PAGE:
The idea of renting out a property as an HMO rather than a traditional let may well be appealing to numerous property investors, however it is crucial to understand that there are additional regulations and legislations that must be adhered to with HMO investments. Depending on the size and location of the property, some HMOs require the manager to apply for an HMO Licence before they can rent the property to members of the public. Here we take a look at some of the requirements you will need to fulfil in order to obtain and be in compliance with your HMO licence.
If your property is deemed as a large HMO then you will be required to hold an HMO licence, a large HMO is defined as a property which has five or more people living there, is at least three storeys high and the tenants share bathroom, toilet and kitchen facilities. Some local councils will require a landlord to hold a licence even if the property falls outside of the above criteria, for that reason it is essential for you to check if a licence is required for your property or not. Once obtained, an HMO licence can last up to five years (this will vary depending on each council), as a result it is imperative to renew your licence before it expires – renting a property without a licence can result in fines of up to £20,000! For property investors who are considering more than one HMO, you will be required to submit a licence application for each property.
To comply with the HMO regulations there are certain conditions/standards which must be met, these include:
- The house being suitable for the number of occupants (adequate size/washing & cooking facilities etc.)
- The manager of the house being deemed ‘fit and proper’ (no criminal record or past breaches of landlord laws/code of practice)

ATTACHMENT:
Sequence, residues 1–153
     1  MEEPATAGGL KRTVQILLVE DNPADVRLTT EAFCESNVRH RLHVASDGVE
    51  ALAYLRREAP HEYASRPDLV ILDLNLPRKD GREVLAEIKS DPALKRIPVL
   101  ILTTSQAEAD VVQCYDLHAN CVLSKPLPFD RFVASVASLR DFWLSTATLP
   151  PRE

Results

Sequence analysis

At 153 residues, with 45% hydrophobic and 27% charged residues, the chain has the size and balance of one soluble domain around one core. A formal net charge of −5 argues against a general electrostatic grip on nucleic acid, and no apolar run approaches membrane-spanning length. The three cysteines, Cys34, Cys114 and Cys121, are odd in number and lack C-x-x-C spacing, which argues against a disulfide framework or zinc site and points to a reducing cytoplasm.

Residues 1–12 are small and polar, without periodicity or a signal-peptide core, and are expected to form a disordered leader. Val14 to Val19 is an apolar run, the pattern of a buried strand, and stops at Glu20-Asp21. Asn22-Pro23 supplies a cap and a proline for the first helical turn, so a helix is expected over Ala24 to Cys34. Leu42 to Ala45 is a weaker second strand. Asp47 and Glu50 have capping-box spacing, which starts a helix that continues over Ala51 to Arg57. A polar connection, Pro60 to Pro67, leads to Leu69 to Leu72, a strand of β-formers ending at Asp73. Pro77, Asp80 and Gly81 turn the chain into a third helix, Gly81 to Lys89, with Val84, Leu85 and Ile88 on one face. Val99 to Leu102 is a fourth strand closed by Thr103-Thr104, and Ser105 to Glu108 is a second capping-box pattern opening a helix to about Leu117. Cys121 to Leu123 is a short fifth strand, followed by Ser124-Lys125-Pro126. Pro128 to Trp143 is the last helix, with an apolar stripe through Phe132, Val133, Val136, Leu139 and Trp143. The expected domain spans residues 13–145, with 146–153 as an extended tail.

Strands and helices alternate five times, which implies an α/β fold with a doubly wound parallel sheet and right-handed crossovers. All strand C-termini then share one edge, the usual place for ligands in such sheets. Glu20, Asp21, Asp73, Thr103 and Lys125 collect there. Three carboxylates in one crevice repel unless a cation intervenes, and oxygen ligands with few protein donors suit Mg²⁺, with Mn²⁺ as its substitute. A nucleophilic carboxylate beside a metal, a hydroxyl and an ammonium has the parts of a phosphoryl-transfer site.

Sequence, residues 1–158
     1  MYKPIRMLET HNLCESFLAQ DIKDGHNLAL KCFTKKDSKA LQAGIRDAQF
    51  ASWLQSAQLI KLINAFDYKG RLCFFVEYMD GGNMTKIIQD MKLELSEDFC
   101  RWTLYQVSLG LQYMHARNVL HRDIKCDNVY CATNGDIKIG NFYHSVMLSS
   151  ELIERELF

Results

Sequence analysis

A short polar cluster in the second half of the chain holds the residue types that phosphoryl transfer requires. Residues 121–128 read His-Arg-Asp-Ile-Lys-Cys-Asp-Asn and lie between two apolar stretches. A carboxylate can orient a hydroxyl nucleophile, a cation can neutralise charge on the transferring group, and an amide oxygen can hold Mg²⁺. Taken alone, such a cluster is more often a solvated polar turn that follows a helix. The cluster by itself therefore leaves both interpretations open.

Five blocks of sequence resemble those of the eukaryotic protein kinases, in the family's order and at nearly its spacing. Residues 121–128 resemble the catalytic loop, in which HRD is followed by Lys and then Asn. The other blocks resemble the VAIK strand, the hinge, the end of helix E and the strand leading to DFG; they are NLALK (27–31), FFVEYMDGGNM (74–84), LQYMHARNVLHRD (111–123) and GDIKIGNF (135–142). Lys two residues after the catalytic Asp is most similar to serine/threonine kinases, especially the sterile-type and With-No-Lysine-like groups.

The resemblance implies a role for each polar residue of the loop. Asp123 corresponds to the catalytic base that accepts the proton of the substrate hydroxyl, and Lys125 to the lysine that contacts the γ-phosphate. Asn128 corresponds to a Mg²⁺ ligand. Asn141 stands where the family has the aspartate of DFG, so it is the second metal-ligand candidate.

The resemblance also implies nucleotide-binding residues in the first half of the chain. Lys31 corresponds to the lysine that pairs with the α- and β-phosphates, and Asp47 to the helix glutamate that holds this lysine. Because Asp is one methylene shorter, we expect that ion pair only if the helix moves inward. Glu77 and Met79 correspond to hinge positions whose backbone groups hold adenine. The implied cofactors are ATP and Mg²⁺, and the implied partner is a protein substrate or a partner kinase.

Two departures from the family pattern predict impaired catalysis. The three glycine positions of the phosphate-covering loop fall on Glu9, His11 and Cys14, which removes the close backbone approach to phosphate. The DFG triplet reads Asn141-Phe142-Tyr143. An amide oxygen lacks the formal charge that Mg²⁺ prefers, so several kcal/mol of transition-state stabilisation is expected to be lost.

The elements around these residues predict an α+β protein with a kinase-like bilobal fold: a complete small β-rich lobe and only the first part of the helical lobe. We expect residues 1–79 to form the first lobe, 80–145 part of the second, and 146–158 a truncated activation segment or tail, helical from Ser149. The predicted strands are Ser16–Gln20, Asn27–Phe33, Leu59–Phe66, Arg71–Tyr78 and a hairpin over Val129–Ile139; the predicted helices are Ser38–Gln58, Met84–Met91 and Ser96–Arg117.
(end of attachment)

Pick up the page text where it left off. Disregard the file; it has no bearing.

- Sending the council an up-to-date gas safety certificate each year
- Install smoke alarms and ensure they are properly maintained and no main access ways are blocked
- Ensure that fixed electrical installations are inspected and tested by a qualified individual at least once every five years
- Provide safety certificates for all electrical appliances when requested
- Provision of suitable facilities to dispose of all the waste produced by the property
- Ensure proper care and maintenance of the property, both in communal areas and each individual living unit
As a landlord you must also inform the local council of any of the following:
- You plan to make changes to the HMO
- Your tenants make changes
- Your tenants circumstances change (e.g. they have a child)
Of course these aren’t the only regulations that prospective landlords must adhere to, there are other considerations that all landlords must adhere to by law regardless of the property that is managed. You can find more information about each landlord regulation click here.
A full detailed explanation of all the HMO regulations can be found in the government publication “Licensing of houses in multiple occupation in England: a guide for landlords and managers” which can be found here.